Peter Valent

Ludwig Boltzmann-Cluster Oncology (LB-CO) | Medical University Vienna, Wien, Vienna, Austria

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Publications (705)3424.63 Total impact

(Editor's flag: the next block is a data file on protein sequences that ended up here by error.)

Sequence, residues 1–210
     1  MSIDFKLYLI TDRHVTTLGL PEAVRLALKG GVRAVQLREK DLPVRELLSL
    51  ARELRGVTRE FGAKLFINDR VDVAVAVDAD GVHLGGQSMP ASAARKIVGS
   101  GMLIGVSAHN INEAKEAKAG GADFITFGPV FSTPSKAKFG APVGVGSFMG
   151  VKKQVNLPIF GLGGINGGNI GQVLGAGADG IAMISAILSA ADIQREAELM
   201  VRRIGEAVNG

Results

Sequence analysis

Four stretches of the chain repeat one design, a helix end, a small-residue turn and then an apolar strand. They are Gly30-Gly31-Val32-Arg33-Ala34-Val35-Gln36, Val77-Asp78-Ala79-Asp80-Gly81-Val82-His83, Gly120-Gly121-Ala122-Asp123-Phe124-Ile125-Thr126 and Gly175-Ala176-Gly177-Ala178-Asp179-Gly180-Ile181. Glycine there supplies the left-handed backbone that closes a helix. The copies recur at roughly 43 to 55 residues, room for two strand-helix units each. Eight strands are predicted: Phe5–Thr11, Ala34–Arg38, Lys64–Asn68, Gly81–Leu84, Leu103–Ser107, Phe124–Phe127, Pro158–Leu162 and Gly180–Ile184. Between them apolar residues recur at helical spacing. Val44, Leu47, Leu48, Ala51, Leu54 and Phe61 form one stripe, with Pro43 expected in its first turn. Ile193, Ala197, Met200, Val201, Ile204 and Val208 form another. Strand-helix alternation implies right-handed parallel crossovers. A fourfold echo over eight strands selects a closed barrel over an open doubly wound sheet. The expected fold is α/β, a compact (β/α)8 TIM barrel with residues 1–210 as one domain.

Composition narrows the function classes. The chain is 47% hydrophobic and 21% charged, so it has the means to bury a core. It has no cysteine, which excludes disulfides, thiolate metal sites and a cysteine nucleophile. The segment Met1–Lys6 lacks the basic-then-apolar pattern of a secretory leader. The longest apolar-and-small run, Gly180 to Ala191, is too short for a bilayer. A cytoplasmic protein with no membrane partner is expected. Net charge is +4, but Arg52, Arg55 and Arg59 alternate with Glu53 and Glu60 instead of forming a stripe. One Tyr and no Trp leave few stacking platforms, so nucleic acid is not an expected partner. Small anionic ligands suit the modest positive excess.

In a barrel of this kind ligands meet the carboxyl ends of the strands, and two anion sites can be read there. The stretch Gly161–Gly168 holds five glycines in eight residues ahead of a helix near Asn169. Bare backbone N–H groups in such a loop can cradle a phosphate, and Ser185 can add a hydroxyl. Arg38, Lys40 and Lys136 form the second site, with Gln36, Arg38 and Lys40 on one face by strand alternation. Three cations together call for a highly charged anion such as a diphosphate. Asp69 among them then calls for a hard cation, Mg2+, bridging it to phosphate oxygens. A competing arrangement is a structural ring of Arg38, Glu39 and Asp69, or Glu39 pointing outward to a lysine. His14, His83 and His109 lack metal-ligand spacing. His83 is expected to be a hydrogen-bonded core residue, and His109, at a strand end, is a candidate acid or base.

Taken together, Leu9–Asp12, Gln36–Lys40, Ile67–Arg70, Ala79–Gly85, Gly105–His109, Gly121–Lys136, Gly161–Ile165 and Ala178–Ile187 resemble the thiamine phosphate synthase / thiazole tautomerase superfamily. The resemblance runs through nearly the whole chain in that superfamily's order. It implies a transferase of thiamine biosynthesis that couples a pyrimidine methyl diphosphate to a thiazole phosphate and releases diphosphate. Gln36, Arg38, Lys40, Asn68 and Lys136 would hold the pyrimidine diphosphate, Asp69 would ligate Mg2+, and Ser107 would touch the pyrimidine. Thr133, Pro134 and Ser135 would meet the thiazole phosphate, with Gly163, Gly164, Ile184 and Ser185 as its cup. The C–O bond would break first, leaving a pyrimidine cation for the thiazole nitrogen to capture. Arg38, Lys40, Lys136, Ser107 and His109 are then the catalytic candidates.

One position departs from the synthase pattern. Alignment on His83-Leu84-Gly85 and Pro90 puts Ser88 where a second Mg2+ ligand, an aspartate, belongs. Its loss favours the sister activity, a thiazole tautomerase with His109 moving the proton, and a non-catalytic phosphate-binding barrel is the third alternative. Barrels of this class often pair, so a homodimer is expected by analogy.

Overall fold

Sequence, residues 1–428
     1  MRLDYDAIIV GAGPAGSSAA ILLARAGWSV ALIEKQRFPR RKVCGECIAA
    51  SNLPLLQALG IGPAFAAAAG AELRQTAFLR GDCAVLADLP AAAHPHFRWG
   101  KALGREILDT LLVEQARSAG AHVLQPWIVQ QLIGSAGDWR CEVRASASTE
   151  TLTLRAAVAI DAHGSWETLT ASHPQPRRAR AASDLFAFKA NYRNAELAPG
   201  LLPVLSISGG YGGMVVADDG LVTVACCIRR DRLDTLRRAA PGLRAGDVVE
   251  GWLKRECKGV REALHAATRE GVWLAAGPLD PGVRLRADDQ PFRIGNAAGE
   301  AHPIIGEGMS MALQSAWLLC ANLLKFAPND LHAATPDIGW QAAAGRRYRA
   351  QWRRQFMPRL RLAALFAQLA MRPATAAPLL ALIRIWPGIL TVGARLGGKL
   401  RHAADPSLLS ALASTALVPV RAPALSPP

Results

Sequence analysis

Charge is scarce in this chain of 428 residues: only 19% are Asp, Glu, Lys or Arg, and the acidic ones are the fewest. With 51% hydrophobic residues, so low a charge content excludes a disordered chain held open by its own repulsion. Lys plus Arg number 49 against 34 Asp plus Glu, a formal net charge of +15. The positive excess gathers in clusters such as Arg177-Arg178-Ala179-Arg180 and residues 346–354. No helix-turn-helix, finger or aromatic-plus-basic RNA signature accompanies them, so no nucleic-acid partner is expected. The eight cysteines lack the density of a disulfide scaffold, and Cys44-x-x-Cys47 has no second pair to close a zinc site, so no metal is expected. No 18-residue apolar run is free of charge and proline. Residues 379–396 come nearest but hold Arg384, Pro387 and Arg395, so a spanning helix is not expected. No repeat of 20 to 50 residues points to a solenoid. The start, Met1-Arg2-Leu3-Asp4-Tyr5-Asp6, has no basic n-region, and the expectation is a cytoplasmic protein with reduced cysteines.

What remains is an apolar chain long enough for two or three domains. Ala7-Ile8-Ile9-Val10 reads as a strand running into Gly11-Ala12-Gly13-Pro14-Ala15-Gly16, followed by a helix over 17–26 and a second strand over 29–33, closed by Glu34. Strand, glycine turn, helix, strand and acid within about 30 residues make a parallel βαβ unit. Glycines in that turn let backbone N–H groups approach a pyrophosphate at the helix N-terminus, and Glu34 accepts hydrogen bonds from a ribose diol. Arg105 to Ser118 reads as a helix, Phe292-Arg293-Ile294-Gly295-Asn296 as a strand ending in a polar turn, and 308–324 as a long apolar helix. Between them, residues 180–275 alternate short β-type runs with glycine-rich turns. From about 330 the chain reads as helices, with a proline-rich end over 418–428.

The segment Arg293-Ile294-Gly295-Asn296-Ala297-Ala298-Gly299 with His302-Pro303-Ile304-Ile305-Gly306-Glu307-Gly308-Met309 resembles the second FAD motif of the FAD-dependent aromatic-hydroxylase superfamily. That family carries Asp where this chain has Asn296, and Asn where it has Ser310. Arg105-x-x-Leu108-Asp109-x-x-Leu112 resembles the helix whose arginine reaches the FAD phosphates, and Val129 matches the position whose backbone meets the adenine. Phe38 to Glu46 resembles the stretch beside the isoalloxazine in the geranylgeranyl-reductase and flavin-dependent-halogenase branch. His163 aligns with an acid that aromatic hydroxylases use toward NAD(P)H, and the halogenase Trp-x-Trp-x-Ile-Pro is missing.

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    ABSTRACT: Ovarian cancer (OC) is caused by genetic aberrations in networks that control growth and survival. Importantly, aberrant cancer metabolism interacts with oncogenic signaling providing additional drug targets. Tumors overexpress the lipogenic enzyme fatty acid synthase (FASN) and are inhibited by FASN-blockers, whereas normal cells are FASN-negative and FASN-inhibitor-resistant. Here we demonstrate that this holds true when ovarian/oviductal cells reside in their autochthonous tissues, whereas in culture they express FASN and are FASN-inhibitor-sensitive. Upon subculture, non-malignant cells cease growth, express senescence-associated-β-galactosidase, lose FASN and become FASN-inhibitor-resistant. Immortalized ovarian/oviductal epithelial cell lines - although resisting senescence - reveal distinct growth activities, which correlate with FASN-levels and FASN-drug-sensitivities. Accordingly, ectopic FASN stimulates growth in these cells. Moreover, FASN-levels and lipogenic activities affect cellular lipid composition as demonstrated by thin-layer chromatography. Correlation between proliferation and FASN-levels was finally evaluated in cancer cells such as HOC-7, which contain subclones with variable differentiation/senescence and corresponding FASN-expression/FASN-drug-sensitivity. Interestingly, senescent phenotypes can be induced in parental HOC-7 by differentiating agents. In OC cells, FASN-drugs induce cell cycle-blockade in S and/or G2/M and stimulate apoptosis, whereas in normal cells they only cause cell cycle-deceleration without apoptosis. Thus normal cells, although growth-inhibited, may survive and recover from FASN-blockade, whereas malignant cells get extinguished. FASN-expression and FASN-drug-sensitivity are directly linked to cell growth and correlate with transformation/differentiation/senescence only indirectly. FASN is therefore a metabolic marker of cell proliferation rather than a marker of malignancy and is a useful target for future drug development. © 2014 Wiley Periodicals, Inc.